“As to methods there may be a million and then some, but principles are few. The man who grasps principles can successfully select his own methods. The man who tries methods, ignoring principles, is sure to have trouble.” – Ralph Waldo Emerson
Effective problem-solvers always reason from fundamental principles, rather than follow memorized procedures. Following this logic, the wise strategy for any student learning how to solve any type of problem is to internalize as many general principles as possible, and to connect common threads of principle to different applications and scenarios.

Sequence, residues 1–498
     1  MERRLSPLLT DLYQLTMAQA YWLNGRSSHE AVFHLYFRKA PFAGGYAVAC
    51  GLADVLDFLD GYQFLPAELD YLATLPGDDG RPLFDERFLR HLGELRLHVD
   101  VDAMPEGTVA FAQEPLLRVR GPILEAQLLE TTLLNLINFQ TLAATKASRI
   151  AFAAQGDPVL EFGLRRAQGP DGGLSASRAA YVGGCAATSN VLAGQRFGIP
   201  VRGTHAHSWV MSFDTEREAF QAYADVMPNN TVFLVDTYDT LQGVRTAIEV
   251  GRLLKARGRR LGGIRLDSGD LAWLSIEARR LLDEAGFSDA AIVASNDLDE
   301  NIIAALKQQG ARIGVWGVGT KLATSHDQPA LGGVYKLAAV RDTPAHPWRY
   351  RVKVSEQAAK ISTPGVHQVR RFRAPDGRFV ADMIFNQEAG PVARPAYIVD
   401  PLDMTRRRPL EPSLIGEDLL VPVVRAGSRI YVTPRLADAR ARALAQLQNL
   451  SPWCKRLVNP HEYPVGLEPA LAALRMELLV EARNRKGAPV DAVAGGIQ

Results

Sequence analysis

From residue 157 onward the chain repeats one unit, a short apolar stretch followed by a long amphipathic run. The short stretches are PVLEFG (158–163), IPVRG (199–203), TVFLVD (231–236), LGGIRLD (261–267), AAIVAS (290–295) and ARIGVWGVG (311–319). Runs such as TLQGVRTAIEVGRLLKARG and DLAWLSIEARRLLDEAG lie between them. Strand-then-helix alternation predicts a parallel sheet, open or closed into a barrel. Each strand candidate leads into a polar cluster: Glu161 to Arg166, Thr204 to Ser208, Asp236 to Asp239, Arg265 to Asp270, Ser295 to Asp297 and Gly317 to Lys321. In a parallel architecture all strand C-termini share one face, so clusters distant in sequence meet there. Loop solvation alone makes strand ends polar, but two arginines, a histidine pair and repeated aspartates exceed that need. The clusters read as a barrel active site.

A good way for any student to self-check that their focus is indeed on principles rather than procedures is to continually ask themselves if they are able to explain why what they have learned is true. It is one thing to be able to explain what you have learned, but it is quite another to explain why your new knowledge is valid. “Why” may be the most important question you ever ask, and you need to ask it often.